Middlesex: A Novel
A dazzling triumph from the bestselling author of The Virgin Suicides--the astonishing tale of a gene that passes down through three generations of a Greek-American family and flowers in the body of a teenage girl.
In the spring of 1974, Calliope Stephanides, a student at a girls' school in Grosse Pointe, finds herself drawn to a chain-smoking, strawberry blond clasmate with a gift for acting. The passion that furtively develops between them--along with Callie's failure to develop--leads Callie to suspect that she is not like other girls. In fact, she is not really a girl at all.
The explanation for this shocking state of affairs takes us out of suburbia- back before the Detroit race riots of 1967, before the rise of the Motor City and Prohibition, to 1922, when the Turks sacked Smyrna and Callie's grandparents fled for their lives. Back to a tiny village in Asia Minor where two lovers, and one rare genetic mutation, set in motion the metamorphosis that will turn Callie into a being both mythical and perfectly real: a hermaphrodite.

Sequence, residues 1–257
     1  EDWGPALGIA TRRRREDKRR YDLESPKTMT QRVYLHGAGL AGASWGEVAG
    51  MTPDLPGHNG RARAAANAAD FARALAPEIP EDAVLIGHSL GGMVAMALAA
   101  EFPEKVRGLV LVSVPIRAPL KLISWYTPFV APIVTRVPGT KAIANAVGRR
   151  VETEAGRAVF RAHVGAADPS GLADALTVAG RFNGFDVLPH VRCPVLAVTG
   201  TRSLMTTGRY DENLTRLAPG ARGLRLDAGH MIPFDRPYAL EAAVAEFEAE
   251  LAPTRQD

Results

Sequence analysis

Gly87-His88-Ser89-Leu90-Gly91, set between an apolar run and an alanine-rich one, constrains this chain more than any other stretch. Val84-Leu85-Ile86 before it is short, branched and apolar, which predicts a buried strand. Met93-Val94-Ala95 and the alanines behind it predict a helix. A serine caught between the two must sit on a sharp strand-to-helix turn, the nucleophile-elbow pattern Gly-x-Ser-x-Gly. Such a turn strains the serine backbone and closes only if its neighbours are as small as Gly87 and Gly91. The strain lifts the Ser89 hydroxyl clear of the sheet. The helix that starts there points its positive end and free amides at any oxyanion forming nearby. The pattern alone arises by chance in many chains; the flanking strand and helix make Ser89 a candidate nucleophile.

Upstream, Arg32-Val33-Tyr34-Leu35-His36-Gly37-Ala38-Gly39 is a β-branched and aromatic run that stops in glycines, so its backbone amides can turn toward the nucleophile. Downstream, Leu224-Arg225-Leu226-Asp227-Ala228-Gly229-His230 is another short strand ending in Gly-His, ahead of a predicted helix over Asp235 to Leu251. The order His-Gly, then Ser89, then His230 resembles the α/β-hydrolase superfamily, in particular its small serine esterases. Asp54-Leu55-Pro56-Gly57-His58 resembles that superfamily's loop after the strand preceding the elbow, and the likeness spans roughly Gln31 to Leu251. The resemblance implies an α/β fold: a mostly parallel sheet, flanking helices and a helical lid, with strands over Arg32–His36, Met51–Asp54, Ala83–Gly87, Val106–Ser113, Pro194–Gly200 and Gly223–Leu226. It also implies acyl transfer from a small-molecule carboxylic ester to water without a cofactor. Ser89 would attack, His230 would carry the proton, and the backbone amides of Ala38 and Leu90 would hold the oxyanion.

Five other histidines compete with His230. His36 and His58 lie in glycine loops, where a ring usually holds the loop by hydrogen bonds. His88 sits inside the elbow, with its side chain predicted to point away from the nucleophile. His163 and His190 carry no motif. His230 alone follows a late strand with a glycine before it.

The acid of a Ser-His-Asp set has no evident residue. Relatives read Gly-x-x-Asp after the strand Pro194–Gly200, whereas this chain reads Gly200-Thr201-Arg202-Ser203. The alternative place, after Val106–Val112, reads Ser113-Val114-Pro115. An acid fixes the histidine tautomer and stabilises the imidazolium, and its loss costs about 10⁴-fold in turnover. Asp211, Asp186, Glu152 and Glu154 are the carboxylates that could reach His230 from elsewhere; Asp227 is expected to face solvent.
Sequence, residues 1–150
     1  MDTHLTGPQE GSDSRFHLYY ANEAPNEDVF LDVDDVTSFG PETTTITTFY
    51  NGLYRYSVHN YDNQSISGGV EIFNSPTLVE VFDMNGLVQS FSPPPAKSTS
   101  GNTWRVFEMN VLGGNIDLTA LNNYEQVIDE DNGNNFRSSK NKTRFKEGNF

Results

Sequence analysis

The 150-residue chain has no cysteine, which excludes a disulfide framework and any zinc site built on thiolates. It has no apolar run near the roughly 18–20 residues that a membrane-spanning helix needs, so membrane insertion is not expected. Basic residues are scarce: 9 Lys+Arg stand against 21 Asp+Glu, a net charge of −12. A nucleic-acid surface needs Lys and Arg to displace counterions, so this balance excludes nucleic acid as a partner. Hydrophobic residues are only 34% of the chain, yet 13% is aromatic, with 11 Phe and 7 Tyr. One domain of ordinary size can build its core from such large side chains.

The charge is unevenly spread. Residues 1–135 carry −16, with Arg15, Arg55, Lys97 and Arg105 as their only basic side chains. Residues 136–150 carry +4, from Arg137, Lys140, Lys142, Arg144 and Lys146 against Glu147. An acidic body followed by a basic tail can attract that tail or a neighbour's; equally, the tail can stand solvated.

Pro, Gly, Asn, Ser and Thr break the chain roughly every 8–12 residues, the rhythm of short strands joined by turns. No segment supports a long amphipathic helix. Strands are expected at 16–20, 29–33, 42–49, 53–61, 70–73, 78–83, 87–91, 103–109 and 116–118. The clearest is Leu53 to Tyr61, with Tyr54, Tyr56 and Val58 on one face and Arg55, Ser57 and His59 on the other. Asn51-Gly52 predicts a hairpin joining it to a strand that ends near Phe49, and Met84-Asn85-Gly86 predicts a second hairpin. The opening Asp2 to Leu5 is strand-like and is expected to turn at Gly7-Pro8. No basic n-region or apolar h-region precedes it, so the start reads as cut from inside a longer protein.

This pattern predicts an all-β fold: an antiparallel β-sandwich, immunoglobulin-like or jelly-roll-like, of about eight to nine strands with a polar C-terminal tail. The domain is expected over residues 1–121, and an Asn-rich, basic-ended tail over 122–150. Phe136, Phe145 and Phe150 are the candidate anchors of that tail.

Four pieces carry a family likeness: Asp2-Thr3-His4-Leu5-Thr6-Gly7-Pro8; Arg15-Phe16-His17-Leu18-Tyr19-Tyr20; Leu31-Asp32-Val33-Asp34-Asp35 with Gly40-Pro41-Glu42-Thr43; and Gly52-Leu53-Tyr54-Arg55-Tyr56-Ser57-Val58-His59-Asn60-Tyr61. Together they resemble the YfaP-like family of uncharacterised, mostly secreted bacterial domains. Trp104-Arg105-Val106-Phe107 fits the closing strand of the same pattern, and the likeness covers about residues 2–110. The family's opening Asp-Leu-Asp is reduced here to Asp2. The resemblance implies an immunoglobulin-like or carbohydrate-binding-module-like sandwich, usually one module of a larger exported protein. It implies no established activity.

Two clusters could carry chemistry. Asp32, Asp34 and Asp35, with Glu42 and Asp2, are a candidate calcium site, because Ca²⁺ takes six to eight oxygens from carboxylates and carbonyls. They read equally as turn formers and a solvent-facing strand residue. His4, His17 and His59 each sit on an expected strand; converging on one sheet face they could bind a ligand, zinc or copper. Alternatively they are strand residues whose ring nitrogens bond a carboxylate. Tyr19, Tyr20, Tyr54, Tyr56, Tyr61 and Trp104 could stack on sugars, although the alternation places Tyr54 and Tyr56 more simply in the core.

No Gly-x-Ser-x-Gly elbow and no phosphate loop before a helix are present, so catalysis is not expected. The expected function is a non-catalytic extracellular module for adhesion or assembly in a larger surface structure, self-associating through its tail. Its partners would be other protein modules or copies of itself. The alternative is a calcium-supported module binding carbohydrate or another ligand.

Spanning eight decades--and one unusually awkward adolescence- Jeffrey Eugenides's long-awaited second novel is a grand, utterly original fable of crossed bloodlines, the intricacies of gender, and the deep, untidy promptings of desire. It marks the fulfillment of a huge talent, named one of America's best young novelists by both Granta and The New Yorker.
Middlesex is the winner of the 2003 Pulitzer Prize for Fiction.
What people are saying - Write a review
LibraryThing ReviewUser Review - AJBraithwaite - LibraryThing
A really good book. I loved the details of life in Detroit, the immigrant experiences and the insight into the life of a hermaphrodite. Sometimes I felt disturbed by a sense of voyeurism as I read ... Read full review
LibraryThing ReviewUser Review - bell7 - LibraryThing
Cal tells his story of growing up a girl, not realizing that he had a gene that made him intersex. His story goes back as a family saga of immigrants from Greece in the 1900s and how the family deals ... Read full review